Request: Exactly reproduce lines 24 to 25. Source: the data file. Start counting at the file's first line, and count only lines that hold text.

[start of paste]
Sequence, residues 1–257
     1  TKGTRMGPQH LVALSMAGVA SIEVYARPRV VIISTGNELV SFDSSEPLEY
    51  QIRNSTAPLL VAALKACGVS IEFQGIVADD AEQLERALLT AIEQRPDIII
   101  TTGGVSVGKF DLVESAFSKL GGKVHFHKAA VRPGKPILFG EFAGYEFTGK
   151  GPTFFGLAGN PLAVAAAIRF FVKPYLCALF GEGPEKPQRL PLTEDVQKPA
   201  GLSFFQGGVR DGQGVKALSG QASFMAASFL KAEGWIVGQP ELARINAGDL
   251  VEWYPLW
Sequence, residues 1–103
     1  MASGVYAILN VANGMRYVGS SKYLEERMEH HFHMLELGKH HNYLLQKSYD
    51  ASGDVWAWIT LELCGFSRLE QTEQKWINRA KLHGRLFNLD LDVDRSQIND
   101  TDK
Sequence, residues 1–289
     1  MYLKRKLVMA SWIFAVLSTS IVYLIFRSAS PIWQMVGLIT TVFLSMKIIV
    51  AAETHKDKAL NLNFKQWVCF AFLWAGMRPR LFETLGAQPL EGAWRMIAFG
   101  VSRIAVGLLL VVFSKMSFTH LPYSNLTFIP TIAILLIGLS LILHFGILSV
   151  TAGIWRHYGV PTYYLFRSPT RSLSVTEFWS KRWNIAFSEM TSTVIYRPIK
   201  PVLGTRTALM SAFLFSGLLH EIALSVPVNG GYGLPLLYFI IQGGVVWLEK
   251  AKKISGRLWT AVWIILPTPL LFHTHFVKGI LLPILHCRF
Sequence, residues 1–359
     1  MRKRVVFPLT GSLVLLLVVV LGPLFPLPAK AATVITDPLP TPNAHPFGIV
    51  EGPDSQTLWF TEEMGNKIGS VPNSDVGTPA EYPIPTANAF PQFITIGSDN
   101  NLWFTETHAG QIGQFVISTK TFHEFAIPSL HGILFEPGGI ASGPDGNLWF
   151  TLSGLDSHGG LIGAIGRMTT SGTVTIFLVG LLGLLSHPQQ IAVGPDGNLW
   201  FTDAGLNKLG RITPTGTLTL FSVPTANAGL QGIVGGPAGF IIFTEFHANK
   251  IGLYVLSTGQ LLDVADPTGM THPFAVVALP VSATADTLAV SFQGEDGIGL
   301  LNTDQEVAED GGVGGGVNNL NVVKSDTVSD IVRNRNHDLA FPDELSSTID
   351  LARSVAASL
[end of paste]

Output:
   201  FTDAGLNKLG RITPTGTLTL FSVPTANAGL QGIVGGPAGF IIFTEFHANK
   251  IGLYVLSTGQ LLDVADPTGM THPFAVVALP VSATADTLAV SFQGEDGIGL